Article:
3. Foment Any and All Non-Violent Action: – As our country starts taking on the economic and political characteristics of El Salvador and other “Third World” countries that protested U.S. policy, our colossal crisis means we may have to start emulating their methods of protesting electoral and malfeasance: vigils, protests, hunger strikes, office takeovers (ie; government buildings), boycotts and other non-violent means.

Viewed from the historical perspective running from 2000 to the present – the view of Bertha Barrios’ generation – this election may, indeed, actually fit that clichéd slogan about this being the “most important election of our lives” not because we may elect Barack Obama, but because we must restore some semblance of integrity to our political process- and to ourselves.

Waaaaassup! Then & Now: Tragicomic TV Ad Adds Political Riff to Old Budweiser Ad (Funny)

October 24, 2008

For full effect, check out this “classic” Budweiser ad and and then the one that follows:

After taking a moment to wipe the halcyon from your mental screen as you reminisce about them Good Ole days when down-to-earth multinational corporations simply exploited popular culture for profit, check out this video from the age of supra-national corporations exploiting EVERYTHING AND EVERYONE for SUPERPROFITS:

And, if you cannot access via youtube you can go to huffpost here to find it.

The Immigrant Vote & the Need to Denounce Nancy Pelosi

October 24, 2008

On the heels of Nancy Pelosi’s statement reversing the Democrats commitment to push immigration reform in the first 100 days of the next political year, this interview with the Bay Area’s Your Call show with Rose Aguilar was pitch perfect in its timing. Rose, her guests and I got to explore and discuss the historic role of the immigrant and Latino vote in this year’s Presidential election. And it was quite a good omen to be able to discuss Pelosi’s controversial statement – “maybe there never is a path to citizenship if you came here illegally”- on one of the most widely-heard public radio stations in her district. As I did during the show I will do now: If you live in the Bay Area and are incensed, concerned or angered at this naked betrayal by Pelosi and the Democrats, then go and give her office an earful; Those of you that can might even consider going and sitting in at her office until she retracts these statements (some of Pelosi’s DC-based friends in the nonprofit world are saying it was a “slip”). So, check out the show here!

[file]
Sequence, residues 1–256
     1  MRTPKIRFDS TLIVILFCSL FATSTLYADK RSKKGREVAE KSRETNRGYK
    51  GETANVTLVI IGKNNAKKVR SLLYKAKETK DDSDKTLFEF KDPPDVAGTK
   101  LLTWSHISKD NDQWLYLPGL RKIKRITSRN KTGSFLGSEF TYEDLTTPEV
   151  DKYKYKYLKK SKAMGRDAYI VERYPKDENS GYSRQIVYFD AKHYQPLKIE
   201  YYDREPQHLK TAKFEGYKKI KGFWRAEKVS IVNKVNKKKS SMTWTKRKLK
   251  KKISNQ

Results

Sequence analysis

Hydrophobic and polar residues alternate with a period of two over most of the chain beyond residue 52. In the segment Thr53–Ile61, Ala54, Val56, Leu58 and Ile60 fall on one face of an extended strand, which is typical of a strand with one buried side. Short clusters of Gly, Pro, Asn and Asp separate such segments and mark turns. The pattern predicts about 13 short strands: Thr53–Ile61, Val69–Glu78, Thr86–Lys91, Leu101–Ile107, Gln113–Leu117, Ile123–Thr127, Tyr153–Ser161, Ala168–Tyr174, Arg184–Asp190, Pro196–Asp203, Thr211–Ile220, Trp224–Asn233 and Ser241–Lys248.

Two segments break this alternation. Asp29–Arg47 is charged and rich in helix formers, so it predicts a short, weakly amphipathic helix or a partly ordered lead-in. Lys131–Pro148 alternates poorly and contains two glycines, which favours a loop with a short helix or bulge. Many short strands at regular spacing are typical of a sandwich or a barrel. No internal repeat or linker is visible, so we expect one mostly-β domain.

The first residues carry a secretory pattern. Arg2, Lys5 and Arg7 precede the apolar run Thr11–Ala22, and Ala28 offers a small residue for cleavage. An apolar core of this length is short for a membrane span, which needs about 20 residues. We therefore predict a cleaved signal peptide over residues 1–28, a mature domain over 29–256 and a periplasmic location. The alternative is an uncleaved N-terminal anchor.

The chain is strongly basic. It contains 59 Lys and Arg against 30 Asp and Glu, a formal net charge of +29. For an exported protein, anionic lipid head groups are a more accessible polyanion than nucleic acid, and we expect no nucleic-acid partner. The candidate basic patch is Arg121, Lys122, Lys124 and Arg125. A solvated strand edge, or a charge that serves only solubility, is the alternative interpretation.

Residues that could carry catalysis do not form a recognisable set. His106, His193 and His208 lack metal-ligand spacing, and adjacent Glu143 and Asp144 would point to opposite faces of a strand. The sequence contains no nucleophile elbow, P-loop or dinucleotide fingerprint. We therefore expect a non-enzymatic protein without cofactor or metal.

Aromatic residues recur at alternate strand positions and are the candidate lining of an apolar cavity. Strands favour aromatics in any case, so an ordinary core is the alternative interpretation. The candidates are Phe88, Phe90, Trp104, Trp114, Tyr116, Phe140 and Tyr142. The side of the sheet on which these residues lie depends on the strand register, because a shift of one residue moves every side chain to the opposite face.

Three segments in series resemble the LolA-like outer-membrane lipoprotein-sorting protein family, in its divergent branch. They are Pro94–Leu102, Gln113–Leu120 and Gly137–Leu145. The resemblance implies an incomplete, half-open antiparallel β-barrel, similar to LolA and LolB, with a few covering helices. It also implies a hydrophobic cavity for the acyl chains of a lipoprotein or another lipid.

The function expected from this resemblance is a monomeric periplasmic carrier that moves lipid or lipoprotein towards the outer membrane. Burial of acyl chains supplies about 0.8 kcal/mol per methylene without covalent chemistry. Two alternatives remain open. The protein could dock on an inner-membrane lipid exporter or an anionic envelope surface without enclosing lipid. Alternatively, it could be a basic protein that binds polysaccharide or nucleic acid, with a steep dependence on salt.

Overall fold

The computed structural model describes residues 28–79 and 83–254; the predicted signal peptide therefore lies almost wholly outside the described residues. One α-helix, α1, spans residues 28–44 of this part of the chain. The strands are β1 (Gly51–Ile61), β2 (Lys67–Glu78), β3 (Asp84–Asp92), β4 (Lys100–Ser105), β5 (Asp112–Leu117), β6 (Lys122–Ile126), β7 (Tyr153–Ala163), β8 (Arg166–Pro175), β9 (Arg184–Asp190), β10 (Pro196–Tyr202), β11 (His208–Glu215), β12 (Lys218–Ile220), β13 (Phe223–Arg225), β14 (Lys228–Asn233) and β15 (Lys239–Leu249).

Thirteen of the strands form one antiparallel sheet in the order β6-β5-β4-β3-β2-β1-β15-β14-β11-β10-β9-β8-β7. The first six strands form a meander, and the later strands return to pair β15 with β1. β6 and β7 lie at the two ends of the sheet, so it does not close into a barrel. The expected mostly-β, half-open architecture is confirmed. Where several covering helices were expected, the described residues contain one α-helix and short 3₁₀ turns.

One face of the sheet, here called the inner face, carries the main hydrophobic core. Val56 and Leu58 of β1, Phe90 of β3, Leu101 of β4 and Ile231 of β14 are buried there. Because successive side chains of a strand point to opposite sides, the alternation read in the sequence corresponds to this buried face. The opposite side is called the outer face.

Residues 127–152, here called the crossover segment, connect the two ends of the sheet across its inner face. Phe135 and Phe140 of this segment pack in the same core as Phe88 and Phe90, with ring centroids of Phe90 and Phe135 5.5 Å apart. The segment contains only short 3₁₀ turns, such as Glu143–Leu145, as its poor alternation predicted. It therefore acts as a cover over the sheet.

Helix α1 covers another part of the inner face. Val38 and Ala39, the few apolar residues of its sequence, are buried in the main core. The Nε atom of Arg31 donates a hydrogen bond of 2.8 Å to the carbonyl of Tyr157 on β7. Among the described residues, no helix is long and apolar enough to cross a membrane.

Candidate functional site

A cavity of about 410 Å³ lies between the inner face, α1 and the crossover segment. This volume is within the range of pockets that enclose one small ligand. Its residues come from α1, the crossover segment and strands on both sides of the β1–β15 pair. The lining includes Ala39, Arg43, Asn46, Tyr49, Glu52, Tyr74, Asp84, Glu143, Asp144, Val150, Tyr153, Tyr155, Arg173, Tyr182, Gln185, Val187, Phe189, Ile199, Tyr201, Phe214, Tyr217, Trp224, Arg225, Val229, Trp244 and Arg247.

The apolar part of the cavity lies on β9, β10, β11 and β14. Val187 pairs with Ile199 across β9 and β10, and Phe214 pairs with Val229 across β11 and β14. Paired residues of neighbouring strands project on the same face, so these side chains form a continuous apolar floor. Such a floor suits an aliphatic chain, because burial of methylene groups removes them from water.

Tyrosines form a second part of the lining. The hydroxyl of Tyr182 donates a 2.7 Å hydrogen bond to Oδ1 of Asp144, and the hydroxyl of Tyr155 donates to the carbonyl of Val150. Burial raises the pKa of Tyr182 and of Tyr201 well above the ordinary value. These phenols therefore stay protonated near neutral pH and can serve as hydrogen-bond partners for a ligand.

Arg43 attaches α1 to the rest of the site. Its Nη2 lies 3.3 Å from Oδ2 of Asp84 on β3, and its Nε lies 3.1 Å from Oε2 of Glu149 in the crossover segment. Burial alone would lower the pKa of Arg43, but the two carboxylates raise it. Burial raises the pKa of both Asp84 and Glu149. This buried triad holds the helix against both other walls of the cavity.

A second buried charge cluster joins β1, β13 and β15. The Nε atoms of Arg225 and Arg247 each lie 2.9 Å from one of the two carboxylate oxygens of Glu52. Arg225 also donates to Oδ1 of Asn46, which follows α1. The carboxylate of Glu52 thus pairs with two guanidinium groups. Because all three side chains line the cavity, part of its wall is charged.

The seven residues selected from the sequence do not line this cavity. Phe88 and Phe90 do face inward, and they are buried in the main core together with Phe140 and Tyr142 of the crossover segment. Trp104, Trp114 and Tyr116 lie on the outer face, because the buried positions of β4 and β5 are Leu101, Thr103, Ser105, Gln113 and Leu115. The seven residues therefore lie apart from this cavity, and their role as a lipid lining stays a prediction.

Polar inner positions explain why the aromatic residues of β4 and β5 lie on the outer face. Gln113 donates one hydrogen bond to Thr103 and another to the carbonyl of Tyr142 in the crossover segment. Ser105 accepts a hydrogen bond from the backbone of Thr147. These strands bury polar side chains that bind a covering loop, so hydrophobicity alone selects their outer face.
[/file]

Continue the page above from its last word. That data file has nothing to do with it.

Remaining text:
Overwhelming Majority of Latino Newspapers-and Their Readers- Back Obama

October 22, 2008

Hispanic Newspapers and Magazines network

In another blow to the racial-myth-making machine that brought us the Latinos-won’t-vote-for-a-black-candidate farce, the country’s Latino media have come out overwhelmingly in favor of Democrat Barack Obama. Research conducted by the Latino Print Network, a trade association of magazines and newspapers, found that

“89% of the Hispanic publications that have announced who they will be supporting in the 2008 U.S. Presidential election have come out for Obama. 68 of the publications surveyed have come out for Obama – and their combined circulation is 3.3 million. Only 8 Hispanic publications have announced for McCain, and their combined circulation is 95,854 – a mere 3% of the circulation of the publications endorsing Obama.”

Further burying the myths perpetrated by an unholy alliance – the Clinton’s, their surrogates, the GOP, academics like Duke University’s Paula D. McClain, the New Yorker, CNN and dozens of other institutional interests- is the research about the readers of these Latino papers. According to the LPN report,